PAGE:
In my six weeks of volunteering for Soluciones Comunitarias (SolCom) up to today, I have had a terrific and most interesting time. I have learned quite a lot already about life in Guatemala, about the running of a small business especially under the rather humble conditions prevalent in a developing country and I even got the chance to get to know a couple of other development organizations. As a student of International Development, it has been tremendously useful to me to gain first-hand experience in these areas, and it has afforded me important insights for my future research.

Soluciones Comunitarias aims to provide the greatest possible impact towards improved living conditions and wellbeing of our clients by facilitating access to products that benefit their health and financial situation, such as glasses, improved cook stoves, water purifiers and solar-powered lamps for working or reading at night, when conventional grid power may be unavailable, unreliable or unaffordable. It is very inspiring to be able to directly contribute to this objective, for instance at a sales campaign.

We gladly rise early for our sales campaigns and, after a hot coffee, face the day with much enthusiasm.

The issues around electricity are of great importance to many Guatemalans, especially here in the highlands. I experienced this first-hand at our campaign in Chajul at the end of February, where we witnessed a rally that lasted more than an hour and happened right next to our presentation stands. The protesters criticised that the electricity supply is exclusively in the hands of huge foreign companies and is not available to many citizens, either because it is sold too expensively or because no power lines have been constructed to connect their villages to the power grid. They have no electric light at night and no way of using electrical appliances, much less modern information technology, which further limits their ability to improve their economic competitiveness.

Many speeches were given by women at the rally.

We took cups of purified water and a quickly improvised rice-based beverage called atol to the crowd that had gathered to listen to the rally. At the end of our campaign, we were approached by an elderly customer who had, unfortunately, arrived too late to see and try out our solar lamps for himself. He told us that he does have access to electricity, but that he still wanted to buy SolCom’s solar home system, because it quickly makes up the initial investment and because it would make him less dependent upon the energy companies. Despite his late arrival, we could help him thanks to Philanthropiece, a youth empowerment organization in Chajul, which offers our products out of their office.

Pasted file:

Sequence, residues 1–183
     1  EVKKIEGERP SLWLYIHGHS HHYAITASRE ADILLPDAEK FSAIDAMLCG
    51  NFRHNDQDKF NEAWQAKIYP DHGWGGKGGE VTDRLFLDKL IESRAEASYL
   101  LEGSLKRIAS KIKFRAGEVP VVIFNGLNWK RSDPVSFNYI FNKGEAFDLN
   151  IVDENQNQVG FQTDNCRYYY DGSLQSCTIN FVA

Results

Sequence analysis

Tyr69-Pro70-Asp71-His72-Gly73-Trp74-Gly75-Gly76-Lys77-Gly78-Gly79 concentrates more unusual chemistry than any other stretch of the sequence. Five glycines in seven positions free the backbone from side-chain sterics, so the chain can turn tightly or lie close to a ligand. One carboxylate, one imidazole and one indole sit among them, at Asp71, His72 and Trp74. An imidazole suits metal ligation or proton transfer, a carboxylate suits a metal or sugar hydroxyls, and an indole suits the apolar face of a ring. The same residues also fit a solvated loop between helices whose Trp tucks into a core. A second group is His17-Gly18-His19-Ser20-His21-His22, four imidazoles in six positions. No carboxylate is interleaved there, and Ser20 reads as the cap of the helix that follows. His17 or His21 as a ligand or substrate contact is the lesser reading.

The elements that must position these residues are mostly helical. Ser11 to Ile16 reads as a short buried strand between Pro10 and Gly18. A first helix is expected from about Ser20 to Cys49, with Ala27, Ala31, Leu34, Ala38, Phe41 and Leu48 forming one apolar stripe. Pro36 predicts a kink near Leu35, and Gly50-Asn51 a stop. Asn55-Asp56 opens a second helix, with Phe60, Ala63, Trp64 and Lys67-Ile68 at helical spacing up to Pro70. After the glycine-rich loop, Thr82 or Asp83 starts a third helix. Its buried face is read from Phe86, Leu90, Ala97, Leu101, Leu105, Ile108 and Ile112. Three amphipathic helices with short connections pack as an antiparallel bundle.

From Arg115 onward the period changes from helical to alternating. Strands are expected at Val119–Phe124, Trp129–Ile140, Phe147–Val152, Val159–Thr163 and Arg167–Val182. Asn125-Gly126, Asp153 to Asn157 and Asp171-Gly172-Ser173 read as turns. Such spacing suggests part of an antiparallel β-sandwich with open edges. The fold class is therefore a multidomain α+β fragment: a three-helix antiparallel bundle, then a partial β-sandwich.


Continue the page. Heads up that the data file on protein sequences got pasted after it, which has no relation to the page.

Attentive listeners, potential clients.

Furthermore, I have had the opportunity to experience many small details regarding the everyday life in a developing country, which contributed to a greater understanding of the cultural and other challenges and particularities of doing business here. For example, I am fascinated with how shops are usually painted with large pictures of products sold inside, and I have since learned that this is done because many customers have difficulty reading and thus pictures work better as advertisement.

Finally, I was able to witness the local culture, as exemplified by the Mayan New Year’s ceremony, which was celebrated on 20 February. It was a very impressive spectacle and informative to boot. The Mayan calendar consists of three separate calendars, which are used simultaneously. It is a very elaborate and accurate system, of which the people here are justifiably proud. What all Mayan ceremonies seem to have in common are fragrant pine needles on the floor, bonfires and candles, offering and consumption of liquor and cola, ear-shattering fireworks as well as chanting and singing. It made a lasting impression on me and I am thankful and astonished at their hospitality in allowing me – the awkward stranger – to watch a sacred ceremony.

Of course, in the few weeks I have been here, I have only caught a first glimpse of all the country has to offer and I am very much looking forward to what lies ahead and to hopefully further contributing to SolCom’s positive impact here in Quiché.

This fire consumed a whole bottle of cola, several shots of spirit, and handfuls of rice.